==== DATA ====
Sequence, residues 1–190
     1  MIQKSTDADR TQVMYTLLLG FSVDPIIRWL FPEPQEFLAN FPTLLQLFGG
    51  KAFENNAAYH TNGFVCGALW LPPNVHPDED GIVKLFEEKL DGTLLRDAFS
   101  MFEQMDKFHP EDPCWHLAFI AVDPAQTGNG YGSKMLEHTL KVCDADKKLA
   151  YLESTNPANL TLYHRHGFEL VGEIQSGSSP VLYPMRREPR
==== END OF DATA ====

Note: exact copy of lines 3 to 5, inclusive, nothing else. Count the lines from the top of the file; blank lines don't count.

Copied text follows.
    51  KAFENNAAYH TNGFVCGALW LPPNVHPDED GIVKLFEEKL DGTLLRDAFS
   101  MFEQMDKFHP EDPCWHLAFI AVDPAQTGNG YGSKMLEHTL KVCDADKKLA
   151  YLESTNPANL TLYHRHGFEL VGEIQSGSSP VLYPMRREPR